The 30-year old Woodstock legislator will lead the majority Democratic caucus in a turbulent time. Mike Hein, Ulster’s first and only county executive, is on the way out after a decade at the helm. In the next few years, we’ll find out if Hein’s muscular style of governing is the new norm, or if the legislator will reassert some of its power.
4 by Ives runs for two more weekends at Woodstock’s Mescal Hornbeck Community Center, 56 Rock City Road. Performance dates are: Fridays and Saturdays November 23, 24, 30, and December 1 at 8 p.m.; Sundays November 25, and December 2 at 1:30 p.m.
On a cold, sunny Sunday morning the old church bell in the kiosk at the Community Center tolled 11 times at the 11th hour of the 11th Day of the 11th month, to commemorate the 100th anniversary of the end of the World War I, The War to End All Wars (which, sadly, it wasn’t.)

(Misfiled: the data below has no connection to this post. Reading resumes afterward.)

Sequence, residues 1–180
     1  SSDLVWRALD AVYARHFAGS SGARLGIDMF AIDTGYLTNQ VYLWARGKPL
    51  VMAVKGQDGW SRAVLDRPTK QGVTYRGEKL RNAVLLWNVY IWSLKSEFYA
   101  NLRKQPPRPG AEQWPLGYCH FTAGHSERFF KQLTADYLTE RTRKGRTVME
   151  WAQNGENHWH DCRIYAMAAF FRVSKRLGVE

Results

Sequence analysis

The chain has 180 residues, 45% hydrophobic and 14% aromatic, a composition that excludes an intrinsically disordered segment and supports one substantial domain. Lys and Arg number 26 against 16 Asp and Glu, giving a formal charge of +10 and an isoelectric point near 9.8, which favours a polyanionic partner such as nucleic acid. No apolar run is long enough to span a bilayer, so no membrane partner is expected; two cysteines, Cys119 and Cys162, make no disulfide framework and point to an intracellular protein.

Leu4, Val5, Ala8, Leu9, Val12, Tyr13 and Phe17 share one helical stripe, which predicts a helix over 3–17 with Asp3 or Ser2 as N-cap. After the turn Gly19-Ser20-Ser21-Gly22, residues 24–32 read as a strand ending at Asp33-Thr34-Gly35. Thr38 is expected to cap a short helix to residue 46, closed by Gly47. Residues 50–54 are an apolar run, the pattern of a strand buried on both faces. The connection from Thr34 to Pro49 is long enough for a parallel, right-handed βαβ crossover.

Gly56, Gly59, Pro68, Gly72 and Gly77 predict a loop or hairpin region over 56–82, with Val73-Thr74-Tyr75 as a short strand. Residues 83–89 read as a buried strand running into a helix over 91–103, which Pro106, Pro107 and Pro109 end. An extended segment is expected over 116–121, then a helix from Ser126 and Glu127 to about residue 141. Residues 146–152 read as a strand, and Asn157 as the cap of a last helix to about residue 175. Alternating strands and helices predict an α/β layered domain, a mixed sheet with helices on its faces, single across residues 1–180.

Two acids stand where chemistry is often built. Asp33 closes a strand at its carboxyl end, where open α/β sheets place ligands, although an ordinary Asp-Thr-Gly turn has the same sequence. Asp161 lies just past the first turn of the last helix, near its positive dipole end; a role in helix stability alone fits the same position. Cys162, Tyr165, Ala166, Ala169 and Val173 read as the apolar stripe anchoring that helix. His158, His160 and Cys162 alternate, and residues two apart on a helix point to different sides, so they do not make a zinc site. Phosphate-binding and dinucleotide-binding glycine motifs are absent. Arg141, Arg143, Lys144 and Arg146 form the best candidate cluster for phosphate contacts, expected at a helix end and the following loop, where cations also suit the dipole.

Open Secret, inspired by the Tony Parsons book quoted above, is the intriguing project of keyboardist, multi-instrumentalist and composer David Sancious and percussionist, composer Will Calhoun who will be performing the first show of a tour at 8 p.m. Saturday, November 10 at the Bearsville Theater, 291 Tinker Street, Woodstock.
A Central Hudson spokesperson on Friday said remote areas may be without power for several days. “It’s one of the most severe storms to have hit our service area. It’s in the top 10 in the last 50 years.”
He appeared in the Oval Office, seemingly out of nowhere, late one night while the president was pondering handling a heavy matter of state with a tweet. Was he someone who had been hiding out in the little private anteroom behind the bookcase?
The reclusive, oft cantankerous soul “lived the way he wanted to live. Rest in peace, Eddie Diehl.
As the driving rain pelted about 100 onlookers, Woodstock American Legion Post 1026 corrected what members saw as a long held oversight on Memorial Day, Monday, May 29, and commemorated the life of Richard Quinn, the last Woodstocker to have died in action, on July 12, 1970 in Vietnam.
“I was a red diaper baby,” says Charley Rosen. “My parents passed out pamphlets at subway stations and had their friends over to yell and scream about Trotsky and that. So the book has been in my mind for a long time.”
‘…it’s interesting how we all grow and mature a little bit. You know what? Everyone has a love for this community. I’ve always thought that…’